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MoviePass tries out latest random business model: unlimited unless they say otherwise

I’ve lost count of how many business models MoviePass has tried in an attempt to offer unlimited movie-going for a fixed monthly fee.

Let’s see (I hope I have enough fingers for this) …

There was $10/month for unlimited movies. Part of that model was selling location data on subscribers after they left the theater, but the company soon had to backtrack on that one. Then unlimited became four movies per month. Next you could only see each movie once. Then unlimited returned. Then new films were excluded. After that, it was three movies/month. Next it was limited movie selections. And then three subscription tiers.

And now we’re on business model nine. Unlimited … except when the company decides you’re not allowed to watch something.

As The Verge summarised it:

The service’s terms say that the company may limit your film selection based on location, times, movie titles, and even your own historical usage.

Or as the latest terms and conditions put it:

MoviePass makes reasonable attempts to provide access to movies in theaters nationwide, however the time and locations for movies may vary based on theater inventory which also may change, usage, and showtime availability. If the title and showtime you want to see is not available, MoviePass will not be held responsible. MoviePass is not responsible if the selected showing is sold out, and we recommend that you frequently check theater availability in the MoviePass App, and if available, arrive to the theater early and purchase your ticket ahead of time. MoviePass ticket inventory may vary from theater inventory. MoviePass will not be held responsible, if ticket availability has run out for MoviePass subscribers, but the specific theater otherwise still has tickets available.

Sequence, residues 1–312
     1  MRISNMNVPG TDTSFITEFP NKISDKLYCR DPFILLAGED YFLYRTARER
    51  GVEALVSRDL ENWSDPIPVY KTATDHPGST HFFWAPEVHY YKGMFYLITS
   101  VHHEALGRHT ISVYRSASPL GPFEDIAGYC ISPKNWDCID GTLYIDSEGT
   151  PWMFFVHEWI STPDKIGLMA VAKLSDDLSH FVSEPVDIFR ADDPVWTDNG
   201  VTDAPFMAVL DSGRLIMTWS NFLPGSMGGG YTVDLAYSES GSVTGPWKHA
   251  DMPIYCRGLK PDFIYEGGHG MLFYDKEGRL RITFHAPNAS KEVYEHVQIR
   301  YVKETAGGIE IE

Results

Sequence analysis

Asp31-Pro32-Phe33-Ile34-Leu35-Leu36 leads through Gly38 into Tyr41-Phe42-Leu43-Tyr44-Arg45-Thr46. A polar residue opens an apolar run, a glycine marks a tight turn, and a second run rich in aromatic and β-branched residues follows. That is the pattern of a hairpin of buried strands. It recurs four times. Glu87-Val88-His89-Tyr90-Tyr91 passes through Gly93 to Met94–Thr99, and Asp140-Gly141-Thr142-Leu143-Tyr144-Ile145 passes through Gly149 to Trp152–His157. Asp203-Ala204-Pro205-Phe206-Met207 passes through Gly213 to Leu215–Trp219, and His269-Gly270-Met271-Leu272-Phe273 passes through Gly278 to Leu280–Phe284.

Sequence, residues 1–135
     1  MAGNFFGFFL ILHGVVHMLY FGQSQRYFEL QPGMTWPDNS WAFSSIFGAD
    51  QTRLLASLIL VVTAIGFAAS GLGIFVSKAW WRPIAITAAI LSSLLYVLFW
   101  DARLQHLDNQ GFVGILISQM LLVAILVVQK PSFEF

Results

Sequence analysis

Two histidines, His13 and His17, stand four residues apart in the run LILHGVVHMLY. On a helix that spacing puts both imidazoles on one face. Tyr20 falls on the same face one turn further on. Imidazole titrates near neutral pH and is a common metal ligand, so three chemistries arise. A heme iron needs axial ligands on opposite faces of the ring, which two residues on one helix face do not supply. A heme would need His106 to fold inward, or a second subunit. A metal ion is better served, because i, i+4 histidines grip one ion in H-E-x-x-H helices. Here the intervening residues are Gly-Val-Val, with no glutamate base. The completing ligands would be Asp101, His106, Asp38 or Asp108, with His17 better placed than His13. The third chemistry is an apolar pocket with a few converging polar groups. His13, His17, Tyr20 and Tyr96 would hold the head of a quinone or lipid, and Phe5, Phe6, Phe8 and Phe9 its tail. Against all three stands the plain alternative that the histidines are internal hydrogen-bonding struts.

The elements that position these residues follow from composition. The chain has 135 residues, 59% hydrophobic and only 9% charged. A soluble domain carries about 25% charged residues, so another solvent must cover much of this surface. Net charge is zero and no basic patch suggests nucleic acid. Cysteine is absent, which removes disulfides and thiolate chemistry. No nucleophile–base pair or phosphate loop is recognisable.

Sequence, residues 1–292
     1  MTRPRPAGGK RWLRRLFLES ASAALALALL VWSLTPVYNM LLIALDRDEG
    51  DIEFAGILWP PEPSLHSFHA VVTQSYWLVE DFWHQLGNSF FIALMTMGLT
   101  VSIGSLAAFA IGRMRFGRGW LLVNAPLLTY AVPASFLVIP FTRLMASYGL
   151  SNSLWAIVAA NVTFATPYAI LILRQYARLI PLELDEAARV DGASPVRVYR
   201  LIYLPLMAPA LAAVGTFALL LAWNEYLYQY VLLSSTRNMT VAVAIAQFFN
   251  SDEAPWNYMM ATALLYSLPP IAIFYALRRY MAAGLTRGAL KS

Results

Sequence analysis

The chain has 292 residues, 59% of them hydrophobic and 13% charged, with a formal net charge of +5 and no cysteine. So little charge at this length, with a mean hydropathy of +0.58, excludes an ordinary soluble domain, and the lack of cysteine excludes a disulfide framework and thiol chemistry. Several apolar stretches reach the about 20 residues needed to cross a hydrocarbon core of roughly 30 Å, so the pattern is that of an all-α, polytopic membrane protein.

Or to cut through the legaleze, you can only see movies that no-one else wants to see at the time and place you want to see them. The only time MoviePass tickets will be offered is when a theater knows it’s going to be left with unsold seats.

As you’d expect, given the way the company is making things up as it goes along, the terms also allow the company to change the offer, and its price, at any time.

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Avatar for Ben Lovejoy Ben Lovejoy

Ben Lovejoy is a British technology writer and EU Editor for 9to5Mac. He’s known for his op-eds and diary pieces, exploring his experience of Apple products over time, for a more rounded review. He also writes fiction, with two technothriller novels, a couple of SF shorts and a rom-com!

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